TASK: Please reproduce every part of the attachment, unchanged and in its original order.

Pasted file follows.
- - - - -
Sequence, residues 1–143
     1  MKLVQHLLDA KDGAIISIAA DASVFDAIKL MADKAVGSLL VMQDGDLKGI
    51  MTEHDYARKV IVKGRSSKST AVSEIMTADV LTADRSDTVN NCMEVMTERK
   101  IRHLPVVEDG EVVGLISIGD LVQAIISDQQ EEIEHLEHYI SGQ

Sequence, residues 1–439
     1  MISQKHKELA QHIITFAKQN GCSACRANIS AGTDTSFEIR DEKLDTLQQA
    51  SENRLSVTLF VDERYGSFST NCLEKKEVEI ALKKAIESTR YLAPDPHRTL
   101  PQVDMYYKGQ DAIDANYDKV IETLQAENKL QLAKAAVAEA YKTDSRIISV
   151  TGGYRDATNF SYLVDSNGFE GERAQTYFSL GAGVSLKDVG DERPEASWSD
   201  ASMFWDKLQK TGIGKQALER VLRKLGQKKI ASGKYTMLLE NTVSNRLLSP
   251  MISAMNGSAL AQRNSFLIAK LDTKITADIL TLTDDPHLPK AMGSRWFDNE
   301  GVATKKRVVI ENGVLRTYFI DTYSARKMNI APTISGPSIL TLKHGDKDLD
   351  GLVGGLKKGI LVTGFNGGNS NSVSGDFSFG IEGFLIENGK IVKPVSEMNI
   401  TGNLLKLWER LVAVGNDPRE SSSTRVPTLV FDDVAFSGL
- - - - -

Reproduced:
Sequence, residues 1–143
     1  MKLVQHLLDA KDGAIISIAA DASVFDAIKL MADKAVGSLL VMQDGDLKGI
    51  MTEHDYARKV IVKGRSSKST AVSEIMTADV LTADRSDTVN NCMEVMTERK
   101  IRHLPVVEDG EVVGLISIGD LVQAIISDQQ EEIEHLEHYI SGQ

Sequence, residues 1–439
     1  MISQKHKELA QHIITFAKQN GCSACRANIS AGTDTSFEIR DEKLDTLQQA
    51  SENRLSVTLF VDERYGSFST NCLEKKEVEI ALKKAIESTR YLAPDPHRTL
   101  PQVDMYYKGQ DAIDANYDKV IETLQAENKL QLAKAAVAEA YKTDSRIISV
   151  TGGYRDATNF SYLVDSNGFE GERAQTYFSL GAGVSLKDVG DERPEASWSD
   201  ASMFWDKLQK TGIGKQALER VLRKLGQKKI ASGKYTMLLE NTVSNRLLSP
   251  MISAMNGSAL AQRNSFLIAK LDTKITADIL TLTDDPHLPK AMGSRWFDNE
   301  GVATKKRVVI ENGVLRTYFI DTYSARKMNI APTISGPSIL TLKHGDKDLD
   351  GLVGGLKKGI LVTGFNGGNS NSVSGDFSFG IEGFLIENGK IVKPVSEMNI
   401  TGNLLKLWER LVAVGNDPRE SSSTRVPTLV FDDVAFSGL